Legendary folk singer, activist and countercultural icon Pete Seeger died in 2014 at the age of 94, but we're only now learning that the FBI thought he was a communist as a young man because of the artist's "subversive" connections.
In a security investigation triggered by a wartime letter he wrote denouncing a proposal to deport all Japanese-Americans, the Army intercepted Seeger's mail to his fiancee, scoured his school records, talked to his father, interviewed an ex-landlord and questioned his pal Woody Guthrie, according to FBI files obtained by The Associated Press.
Investigators concluded that Seeger's association with known communists and his Japanese-American fiancee pointed to a risk of divided loyalty.
Seeger's "Communistic sympathies, his unsatisfactory relations with landlords and his numerous Communist and otherwise undesirable friends, make him unfit for a position of trust or responsibility," according to a military intelligence report.
Famously, Seeger was later blacklisted during the Red Scare as a member of The Weavers, his band…
Seeger and Lee Hays were identified as Communist Party members by FBI informant Harvey Matusow (who later recanted) and ended up being called up to testify to the House Committee on Un-American Activities in 1955. Hays took the Fifth Amendment. Seeger refused to answer, however, claiming First Amendment grounds, the first to do so after the conviction of the Hollywood Ten in 1950. Seeger was found guilty of contempt and placed under restrictions by the court pending appeal, but in 1961 his conviction was overturned on technical grounds. Because Seeger was among those listed in the entertainment industry blacklist publication, Red Channels, all of the Weavers were placed under FBI surveillance and not allowed to perform on television or radio during the McCarthy era. Decca Records terminated their recording contract and deleted their records from its catalog in 1953. Their recordings were denied airplay, which curtailed their income from royalties. Right-wing and anti-Communist groups protested at their performances and harassed promoters. As a result, the group's economic viability diminished rapidly and in 1952 it disbanded. After this, Pete Seeger continued his solo career, although as with all of them, he continued to suffer from the effects of blacklisting.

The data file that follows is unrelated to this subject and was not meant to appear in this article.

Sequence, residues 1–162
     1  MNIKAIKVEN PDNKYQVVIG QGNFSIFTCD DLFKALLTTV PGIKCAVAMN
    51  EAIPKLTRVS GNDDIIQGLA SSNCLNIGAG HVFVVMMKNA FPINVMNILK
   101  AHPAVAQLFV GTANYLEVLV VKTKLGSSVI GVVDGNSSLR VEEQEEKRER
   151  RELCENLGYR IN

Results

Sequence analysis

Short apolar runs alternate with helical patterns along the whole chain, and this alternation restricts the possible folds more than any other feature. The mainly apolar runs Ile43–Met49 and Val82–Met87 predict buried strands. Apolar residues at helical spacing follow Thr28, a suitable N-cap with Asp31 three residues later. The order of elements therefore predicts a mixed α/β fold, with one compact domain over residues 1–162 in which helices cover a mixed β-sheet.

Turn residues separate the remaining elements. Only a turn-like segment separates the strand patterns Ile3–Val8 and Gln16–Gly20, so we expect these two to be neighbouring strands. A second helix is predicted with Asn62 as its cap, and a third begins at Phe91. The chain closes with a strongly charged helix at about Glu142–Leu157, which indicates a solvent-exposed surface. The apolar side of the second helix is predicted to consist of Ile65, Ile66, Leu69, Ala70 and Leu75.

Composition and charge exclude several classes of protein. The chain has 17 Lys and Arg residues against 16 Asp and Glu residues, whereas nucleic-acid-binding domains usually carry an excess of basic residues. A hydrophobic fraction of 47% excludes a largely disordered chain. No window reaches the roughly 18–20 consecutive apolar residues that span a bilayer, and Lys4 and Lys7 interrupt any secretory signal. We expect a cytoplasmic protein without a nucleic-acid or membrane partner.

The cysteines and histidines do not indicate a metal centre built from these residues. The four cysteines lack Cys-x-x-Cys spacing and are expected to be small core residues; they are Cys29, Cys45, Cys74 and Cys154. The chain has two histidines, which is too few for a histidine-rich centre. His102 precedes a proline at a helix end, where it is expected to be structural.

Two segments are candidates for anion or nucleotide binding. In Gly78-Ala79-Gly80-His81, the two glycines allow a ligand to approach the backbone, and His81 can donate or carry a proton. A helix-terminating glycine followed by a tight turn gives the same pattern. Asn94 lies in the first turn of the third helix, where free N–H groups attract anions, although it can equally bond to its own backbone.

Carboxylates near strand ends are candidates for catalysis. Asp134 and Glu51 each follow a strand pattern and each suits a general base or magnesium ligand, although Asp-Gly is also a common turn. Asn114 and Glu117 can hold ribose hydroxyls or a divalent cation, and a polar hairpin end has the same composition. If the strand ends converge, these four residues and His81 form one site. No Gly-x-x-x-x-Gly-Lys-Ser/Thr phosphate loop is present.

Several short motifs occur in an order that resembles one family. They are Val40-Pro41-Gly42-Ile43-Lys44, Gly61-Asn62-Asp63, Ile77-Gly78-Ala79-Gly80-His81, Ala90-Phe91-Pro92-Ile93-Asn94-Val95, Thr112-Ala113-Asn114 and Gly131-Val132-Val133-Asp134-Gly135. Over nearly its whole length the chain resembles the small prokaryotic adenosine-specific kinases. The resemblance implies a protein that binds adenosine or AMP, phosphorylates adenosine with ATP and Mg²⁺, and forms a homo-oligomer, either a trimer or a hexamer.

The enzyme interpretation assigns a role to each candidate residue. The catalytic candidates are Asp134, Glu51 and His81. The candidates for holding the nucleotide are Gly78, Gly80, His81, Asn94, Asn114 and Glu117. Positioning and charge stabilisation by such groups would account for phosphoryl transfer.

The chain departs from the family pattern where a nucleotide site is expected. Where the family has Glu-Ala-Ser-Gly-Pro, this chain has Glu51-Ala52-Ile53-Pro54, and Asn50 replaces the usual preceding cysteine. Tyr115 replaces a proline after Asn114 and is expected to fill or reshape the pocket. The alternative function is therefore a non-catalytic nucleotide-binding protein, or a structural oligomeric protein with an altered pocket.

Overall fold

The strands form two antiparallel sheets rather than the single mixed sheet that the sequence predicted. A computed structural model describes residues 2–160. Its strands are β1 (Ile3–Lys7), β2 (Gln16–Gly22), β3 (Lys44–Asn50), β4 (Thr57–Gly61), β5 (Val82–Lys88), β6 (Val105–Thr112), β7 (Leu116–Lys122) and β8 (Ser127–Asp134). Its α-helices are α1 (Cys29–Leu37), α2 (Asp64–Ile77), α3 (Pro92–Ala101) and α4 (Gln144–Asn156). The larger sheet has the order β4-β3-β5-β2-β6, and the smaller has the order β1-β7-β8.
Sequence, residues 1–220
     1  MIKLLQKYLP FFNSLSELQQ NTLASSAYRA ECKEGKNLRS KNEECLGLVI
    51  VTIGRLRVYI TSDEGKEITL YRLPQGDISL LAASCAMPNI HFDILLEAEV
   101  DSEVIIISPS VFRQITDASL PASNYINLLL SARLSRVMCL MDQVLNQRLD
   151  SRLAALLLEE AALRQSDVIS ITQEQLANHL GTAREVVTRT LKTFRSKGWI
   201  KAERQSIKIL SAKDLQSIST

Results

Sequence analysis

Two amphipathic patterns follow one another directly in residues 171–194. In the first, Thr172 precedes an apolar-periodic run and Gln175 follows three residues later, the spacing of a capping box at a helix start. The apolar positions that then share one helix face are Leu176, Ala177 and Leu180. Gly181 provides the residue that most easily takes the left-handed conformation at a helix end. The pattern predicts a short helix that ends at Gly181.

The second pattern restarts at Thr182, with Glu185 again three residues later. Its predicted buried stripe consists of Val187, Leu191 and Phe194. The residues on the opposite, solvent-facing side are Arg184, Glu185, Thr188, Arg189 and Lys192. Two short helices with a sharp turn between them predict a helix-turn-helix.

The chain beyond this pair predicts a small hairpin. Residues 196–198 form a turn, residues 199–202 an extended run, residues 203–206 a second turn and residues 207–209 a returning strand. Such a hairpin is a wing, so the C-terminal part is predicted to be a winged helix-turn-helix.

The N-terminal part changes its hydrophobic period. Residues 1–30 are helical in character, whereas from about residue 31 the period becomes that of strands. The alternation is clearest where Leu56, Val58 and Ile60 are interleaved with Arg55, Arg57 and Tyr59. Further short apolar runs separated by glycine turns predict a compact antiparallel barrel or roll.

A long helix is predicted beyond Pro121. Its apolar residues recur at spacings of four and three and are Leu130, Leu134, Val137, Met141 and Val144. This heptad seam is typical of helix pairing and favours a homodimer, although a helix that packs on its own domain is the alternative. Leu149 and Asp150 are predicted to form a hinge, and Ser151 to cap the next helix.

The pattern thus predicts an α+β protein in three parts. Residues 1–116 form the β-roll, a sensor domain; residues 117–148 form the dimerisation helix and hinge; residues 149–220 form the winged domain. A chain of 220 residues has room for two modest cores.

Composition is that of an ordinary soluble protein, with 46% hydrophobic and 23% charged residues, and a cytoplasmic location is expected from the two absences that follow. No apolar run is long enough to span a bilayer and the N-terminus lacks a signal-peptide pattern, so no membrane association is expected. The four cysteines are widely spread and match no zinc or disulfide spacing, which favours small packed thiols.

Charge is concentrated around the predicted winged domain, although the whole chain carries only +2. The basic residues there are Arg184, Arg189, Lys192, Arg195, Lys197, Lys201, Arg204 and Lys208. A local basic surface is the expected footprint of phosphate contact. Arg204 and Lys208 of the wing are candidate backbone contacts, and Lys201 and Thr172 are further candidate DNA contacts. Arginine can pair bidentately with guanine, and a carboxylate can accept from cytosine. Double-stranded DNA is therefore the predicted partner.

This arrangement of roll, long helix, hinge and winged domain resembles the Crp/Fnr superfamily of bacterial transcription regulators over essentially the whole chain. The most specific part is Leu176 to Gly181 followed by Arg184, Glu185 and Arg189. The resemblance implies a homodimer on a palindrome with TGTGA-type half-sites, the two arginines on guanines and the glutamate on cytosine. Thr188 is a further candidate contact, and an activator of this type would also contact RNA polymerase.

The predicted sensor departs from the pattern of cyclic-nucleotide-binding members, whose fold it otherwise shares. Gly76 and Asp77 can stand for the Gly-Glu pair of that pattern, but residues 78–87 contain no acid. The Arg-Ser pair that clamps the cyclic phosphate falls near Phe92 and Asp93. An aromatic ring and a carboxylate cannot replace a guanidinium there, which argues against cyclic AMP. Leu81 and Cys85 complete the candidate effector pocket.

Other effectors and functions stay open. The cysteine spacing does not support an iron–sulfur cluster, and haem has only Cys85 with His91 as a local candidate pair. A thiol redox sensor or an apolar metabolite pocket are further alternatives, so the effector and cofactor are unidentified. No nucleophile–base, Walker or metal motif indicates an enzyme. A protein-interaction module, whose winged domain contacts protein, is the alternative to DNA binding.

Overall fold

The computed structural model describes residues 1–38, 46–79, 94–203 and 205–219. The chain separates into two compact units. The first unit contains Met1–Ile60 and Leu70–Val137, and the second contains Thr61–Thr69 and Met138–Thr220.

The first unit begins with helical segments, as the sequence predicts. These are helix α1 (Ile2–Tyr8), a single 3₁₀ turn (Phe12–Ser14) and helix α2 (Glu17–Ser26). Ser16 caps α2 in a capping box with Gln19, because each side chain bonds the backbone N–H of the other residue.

Then the 1960s happened. And then, everything else. May you build a ladder to the stars; may you stay forever young.